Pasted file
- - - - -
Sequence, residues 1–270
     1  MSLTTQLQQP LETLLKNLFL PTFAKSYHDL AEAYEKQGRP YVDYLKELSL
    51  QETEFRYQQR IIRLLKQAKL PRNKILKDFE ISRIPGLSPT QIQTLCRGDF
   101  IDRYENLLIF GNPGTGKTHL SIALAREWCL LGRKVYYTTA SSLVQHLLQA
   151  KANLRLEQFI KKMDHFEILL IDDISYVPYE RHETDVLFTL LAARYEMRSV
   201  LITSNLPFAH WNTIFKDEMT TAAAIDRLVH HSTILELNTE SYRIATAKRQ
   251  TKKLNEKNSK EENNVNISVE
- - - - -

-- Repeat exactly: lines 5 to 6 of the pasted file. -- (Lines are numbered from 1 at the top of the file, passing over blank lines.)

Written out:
   151  KANLRLEQFI KKMDHFEILL IDDISYVPYE RHETDVLFTL LAARYEMRSV
   201  LITSNLPFAH WNTIFKDEMT TAAAIDRLVH HSTILELNTE SYRIATAKRQ